What happens next remains unclear.  If the Free Democrats expel from their caucus those members who voted against the Government, they would immediately lose their already slim majority and the President would have to dissolve the National Assembly.  On the other hand, a coalition of opposition parties could introduce a confidence motion and bring down the Government nonetheless and probably secure support from the Free Democrats who crossed the floor on the recent vote in the process.

The final vote tally, by party--

Free Democrats: Aye (108), Nay (168)
Socialist Party: Aye (135), Nay (6)
Radical Party: Aye (2), Nay (57)
Workers Revolutionary Party: Aye (32), Nay (0)
Cruistian Democrats: Aye (0), Nay (18)
Conservative Nationalists: Aye (0), Nay (6)
Party of Moun: Aye (0), Nay (4)
Independents: Aye (2), Nay (9)

Thursday, June 17, 2010

Abortion dispute highlights fractures in Free Democrats' civic libertarianism

Liston Free Press-- Things may be coming to a head in the Free Democratic Party which has controlled the government of the Free State since its independence eight years ago.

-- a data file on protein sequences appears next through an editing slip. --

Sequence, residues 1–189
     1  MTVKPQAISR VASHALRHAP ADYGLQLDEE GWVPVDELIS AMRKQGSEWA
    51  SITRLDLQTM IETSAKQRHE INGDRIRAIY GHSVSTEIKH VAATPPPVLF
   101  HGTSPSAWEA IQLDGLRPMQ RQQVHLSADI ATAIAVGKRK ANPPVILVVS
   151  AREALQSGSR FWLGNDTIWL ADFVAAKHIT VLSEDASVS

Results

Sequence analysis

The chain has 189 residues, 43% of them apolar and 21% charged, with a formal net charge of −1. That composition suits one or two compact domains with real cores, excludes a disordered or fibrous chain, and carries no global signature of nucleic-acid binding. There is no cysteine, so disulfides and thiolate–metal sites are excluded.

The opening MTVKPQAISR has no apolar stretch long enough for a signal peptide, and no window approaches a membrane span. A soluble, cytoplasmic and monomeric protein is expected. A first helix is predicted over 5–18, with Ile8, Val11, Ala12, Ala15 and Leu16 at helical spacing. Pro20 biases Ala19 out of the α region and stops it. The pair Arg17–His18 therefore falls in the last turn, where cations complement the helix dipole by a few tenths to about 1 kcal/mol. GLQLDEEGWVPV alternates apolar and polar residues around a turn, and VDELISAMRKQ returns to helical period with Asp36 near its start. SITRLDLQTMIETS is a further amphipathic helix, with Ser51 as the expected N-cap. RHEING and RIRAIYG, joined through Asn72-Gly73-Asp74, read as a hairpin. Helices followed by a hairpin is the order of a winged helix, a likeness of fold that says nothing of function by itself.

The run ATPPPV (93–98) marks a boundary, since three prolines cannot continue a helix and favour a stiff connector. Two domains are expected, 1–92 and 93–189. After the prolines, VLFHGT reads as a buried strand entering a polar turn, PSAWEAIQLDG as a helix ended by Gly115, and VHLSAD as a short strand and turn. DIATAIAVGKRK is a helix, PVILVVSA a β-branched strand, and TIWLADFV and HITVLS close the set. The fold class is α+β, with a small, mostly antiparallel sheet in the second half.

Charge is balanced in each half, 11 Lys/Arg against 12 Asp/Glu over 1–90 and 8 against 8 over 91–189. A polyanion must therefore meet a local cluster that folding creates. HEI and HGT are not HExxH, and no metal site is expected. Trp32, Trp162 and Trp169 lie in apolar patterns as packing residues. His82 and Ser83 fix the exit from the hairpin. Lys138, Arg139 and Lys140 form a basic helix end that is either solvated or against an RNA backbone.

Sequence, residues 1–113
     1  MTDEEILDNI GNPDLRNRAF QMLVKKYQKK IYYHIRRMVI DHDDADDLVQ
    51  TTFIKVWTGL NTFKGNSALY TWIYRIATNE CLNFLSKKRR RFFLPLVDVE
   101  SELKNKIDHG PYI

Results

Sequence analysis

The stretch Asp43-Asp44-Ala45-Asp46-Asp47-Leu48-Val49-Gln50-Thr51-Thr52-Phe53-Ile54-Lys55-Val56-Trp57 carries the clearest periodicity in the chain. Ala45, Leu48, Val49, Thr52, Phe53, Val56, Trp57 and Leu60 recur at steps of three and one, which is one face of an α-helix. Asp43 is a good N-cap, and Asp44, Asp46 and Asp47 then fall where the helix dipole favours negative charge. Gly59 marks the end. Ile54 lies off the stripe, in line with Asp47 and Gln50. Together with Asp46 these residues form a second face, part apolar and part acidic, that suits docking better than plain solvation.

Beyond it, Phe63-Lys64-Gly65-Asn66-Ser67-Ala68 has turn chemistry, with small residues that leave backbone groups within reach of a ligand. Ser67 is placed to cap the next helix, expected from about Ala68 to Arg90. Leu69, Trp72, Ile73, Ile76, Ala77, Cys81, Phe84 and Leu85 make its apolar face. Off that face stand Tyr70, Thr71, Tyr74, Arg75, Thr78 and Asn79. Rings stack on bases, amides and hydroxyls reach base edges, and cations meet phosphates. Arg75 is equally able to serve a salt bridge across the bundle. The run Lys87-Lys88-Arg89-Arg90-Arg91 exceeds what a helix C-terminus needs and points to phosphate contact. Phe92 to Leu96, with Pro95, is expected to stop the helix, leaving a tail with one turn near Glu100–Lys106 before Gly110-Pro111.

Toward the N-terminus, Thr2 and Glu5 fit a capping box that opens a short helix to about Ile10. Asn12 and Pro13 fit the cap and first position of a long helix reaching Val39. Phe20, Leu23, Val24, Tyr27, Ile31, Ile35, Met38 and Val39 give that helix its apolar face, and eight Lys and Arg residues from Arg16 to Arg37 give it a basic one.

Since the Free Press reported on an internal FDP debate on L-209, a Socialist bill which, with few exceptions, would allow for completely unrestricted abortion in the country, many FDP backbenchers have come forward with other concerns regarding FDP policies, including the disestablishment of the Central Bank last year.  "The devil is in the details," said Dave Grynwyyd, professor of political science at the University of Liston.  "The FDP is a broad grouping of traditional, classical liberals and moderate libertarians.  They generally agree on broad principles, but there are wedge issues like finance and abortion that can rankle party cohesion."  "We can see essentially two factions of the FDP: the populist conservatives lead by President Krembs and the traditional capitalists, who are more socially permissive and sympathetic to corporate interests," he said.